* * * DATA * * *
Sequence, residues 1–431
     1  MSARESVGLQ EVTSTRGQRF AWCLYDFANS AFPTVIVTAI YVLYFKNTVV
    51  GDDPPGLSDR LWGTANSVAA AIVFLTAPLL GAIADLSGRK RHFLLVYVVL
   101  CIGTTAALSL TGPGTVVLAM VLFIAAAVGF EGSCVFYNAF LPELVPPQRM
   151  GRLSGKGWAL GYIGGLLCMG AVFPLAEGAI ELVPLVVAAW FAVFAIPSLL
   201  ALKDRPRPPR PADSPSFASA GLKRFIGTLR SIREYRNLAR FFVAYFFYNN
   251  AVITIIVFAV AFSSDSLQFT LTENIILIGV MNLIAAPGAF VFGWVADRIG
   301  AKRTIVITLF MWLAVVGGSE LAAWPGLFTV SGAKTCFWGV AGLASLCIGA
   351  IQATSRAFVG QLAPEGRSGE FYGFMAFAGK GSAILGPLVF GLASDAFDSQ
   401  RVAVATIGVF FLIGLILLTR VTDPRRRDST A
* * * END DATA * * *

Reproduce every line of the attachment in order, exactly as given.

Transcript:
Sequence, residues 1–431
     1  MSARESVGLQ EVTSTRGQRF AWCLYDFANS AFPTVIVTAI YVLYFKNTVV
    51  GDDPPGLSDR LWGTANSVAA AIVFLTAPLL GAIADLSGRK RHFLLVYVVL
   101  CIGTTAALSL TGPGTVVLAM VLFIAAAVGF EGSCVFYNAF LPELVPPQRM
   151  GRLSGKGWAL GYIGGLLCMG AVFPLAEGAI ELVPLVVAAW FAVFAIPSLL
   201  ALKDRPRPPR PADSPSFASA GLKRFIGTLR SIREYRNLAR FFVAYFFYNN
   251  AVITIIVFAV AFSSDSLQFT LTENIILIGV MNLIAAPGAF VFGWVADRIG
   301  AKRTIVITLF MWLAVVGGSE LAAWPGLFTV SGAKTCFWGV AGLASLCIGA
   351  IQATSRAFVG QLAPEGRSGE FYGFMAFAGK GSAILGPLVF GLASDAFDSQ
   401  RVAVATIGVF FLIGLILLTR VTDPRRRDST A